Artist Unknown










It begins.

Fella ignored the “honey-do” list, and found seasonal work to do on the farm as usual during the day, and didn’t make time to do even one thing I’d asked. By the way, these aren’t big or time-consuming things, most of them. There are some that would only take a half-hour, and that he is the only one who can do, like locate a pair of my old half-circle end tables (they need refinishing, but I’m not asking him to do that!) that he stuffed into a shed on his parents’ farm some years ago. There are 10 places he could have put them, and they are not all buildings that are easy to get into. For me, who has no idea where to start looking.

There is always farm work to do, and that is a whole other issue because when Mom died six years ago he told me he had a five-year plan to get out of farming, which we agreed he should do. He has a very busy full-time business already, and the farming fills his evenings and weekends, and he doesn’t need the headaches. Alas, not only is he still farming, he has decided to continue. I don’t like it? It impacts our lives in a negative way? Too bad for me.

Anyhoo, I worked about six hours yesterday, did some free proofreading for a psychic medium in the area who has set up a webpage, took my walk (lovely sunny afternoon; saw a fox cross the road outside our yard, then come back out of the ditch and walk toward us unseeing till quite late; hope my photo turns out, probably won’t though), drove my son back to town for the week, made supper and did the dishes, and sat with Fella to watch the last few minutes of Call Me Fitz, a program I haven’t warmed to, and then Boardwalk Empire, because I love the period costume and settings, and Steve Buscemi. Before getting up to come into the office and put in another working hour afterward, I asked him if he’d managed to cross one task off the list this weekend. He scoffed.

I said, “That’s too bad, because I have asked you nicely to either do or help me with these few small things for the past 10 years, and I have patiently and respectfully waited for you to do them in your own time and you never have, so unless I am the biggest pushover in the world, it is time things change. Since you won’t, I will. It likely won’t be pleasant for either of us.”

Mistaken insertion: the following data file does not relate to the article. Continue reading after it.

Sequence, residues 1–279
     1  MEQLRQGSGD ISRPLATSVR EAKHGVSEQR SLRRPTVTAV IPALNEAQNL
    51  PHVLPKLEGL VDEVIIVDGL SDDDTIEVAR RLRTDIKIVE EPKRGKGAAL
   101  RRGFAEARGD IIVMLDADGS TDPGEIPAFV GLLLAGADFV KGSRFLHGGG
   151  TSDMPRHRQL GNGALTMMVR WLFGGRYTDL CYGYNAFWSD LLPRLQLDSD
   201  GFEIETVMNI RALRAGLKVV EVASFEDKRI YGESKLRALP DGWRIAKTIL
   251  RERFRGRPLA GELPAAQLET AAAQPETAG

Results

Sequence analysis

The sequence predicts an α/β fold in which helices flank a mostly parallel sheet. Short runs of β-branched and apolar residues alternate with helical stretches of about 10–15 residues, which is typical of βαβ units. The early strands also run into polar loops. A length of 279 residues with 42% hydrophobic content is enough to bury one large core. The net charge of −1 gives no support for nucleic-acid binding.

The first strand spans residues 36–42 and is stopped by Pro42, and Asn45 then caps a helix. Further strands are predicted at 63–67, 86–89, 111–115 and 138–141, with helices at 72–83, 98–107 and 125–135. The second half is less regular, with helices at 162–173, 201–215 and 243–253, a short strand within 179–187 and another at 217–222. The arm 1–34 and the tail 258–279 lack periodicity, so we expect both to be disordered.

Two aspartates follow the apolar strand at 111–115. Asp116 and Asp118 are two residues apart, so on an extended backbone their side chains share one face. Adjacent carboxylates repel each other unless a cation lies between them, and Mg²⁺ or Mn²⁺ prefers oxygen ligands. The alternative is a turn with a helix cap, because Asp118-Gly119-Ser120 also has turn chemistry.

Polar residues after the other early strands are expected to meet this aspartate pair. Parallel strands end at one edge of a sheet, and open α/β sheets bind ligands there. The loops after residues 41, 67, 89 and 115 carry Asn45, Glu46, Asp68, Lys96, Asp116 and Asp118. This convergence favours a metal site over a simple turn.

His response, sneering, voice raised, accusatory: “Why don’t you take care of the lagoon then? What the hell do you do? You don’t even cook; tonight was the first time in ages.” And so on, as if I do nothing, or what I do isn’t much, while every step he takes is a great laborious stride. It’s also a lie. I make supper virtually every night. I also bake the bread he eats every day, and make the big batches of granola he eats bowlfuls of several times a day. But this time I didn’t let him blind me with all this smoke and mirrors.

My reply: “I suppose when you were growing up, yelling and getting angry was how you got your way. It’s not going to work with me.” (With appreciation to Josephine, who said this exact same thing to her husband, who shares some of my spouse’s abusive methods of communication.)

That was the end of it; we didn’t speak again for the rest of the evening, or this morning, when I stayed in bed till he left. But I slept in the office here; there is a single bed behind me. My little dog kept me company on top of the blankets, and it was a perfectly comfortable night. And here I will stay.

I will of course continue to make supper for both of us, as I have to eat good meals, and I’m not going to make only enough for one when I am cooking anyway. But I am not going to be considerate of him any longer in ways that take me out of my way. I won’t cook meat, for instance, unless I’m craving it myself; if there are other convenient options I usually leave it off my plate anyway if I’m only cooking for myself or, say, at a buffet. It’s for him that I’ve been cooking roasts and steaks and ribs and hamburger, because he loves meat and believes he “needs” it. I’m a vegetarian wanna-be, but all too moderate about it.

I will no longer cook potatoes when I’d rather have pasta or rice, although he complains loud and long and publicly because potatoes are not prepared as frequently as he would like. He loves them, and believes he “needs” them.

I won’t do his laundry any more.

I won’t make another batch of salsa. It’s not me that eats it with every meal.

Oh, I’ll do the general laundry: the towels we both use, for instance. I’ll still sweep all the floors (our house has no carpet except for the indoor-outdoor in the large porch, which has to be swept because we’ve no vacuum), do all the dishes and kitchen cleaning, take the recycling to the depot, do the grocery shopping, feed our dogs and barn cats, and so on. I still live here and will do what needs to be done. But do things that till now I have done specifically to please and support Fella? Nope. He calls this my “work to rule” routine.

Oh, he will retaliate. There will be verbal accusations and beratings. There will be threats that he isn’t going to take care of the lagoon then, how would I like that. Then he’ll mope. Then he’ll get sick. Then he’ll start talking about selling the house, and he’ll ask if I’ve found a new place to live yet, as “this isn’t working,” and he’s right, it isn’t, and it’s “his” place so I’m the one who has to move, he’ll insist.

I’m off to the city on Thursday for a gospel workshop till Sunday, and maybe I’ll come back. As long as my computer is here, and my little dog, I sort of have to.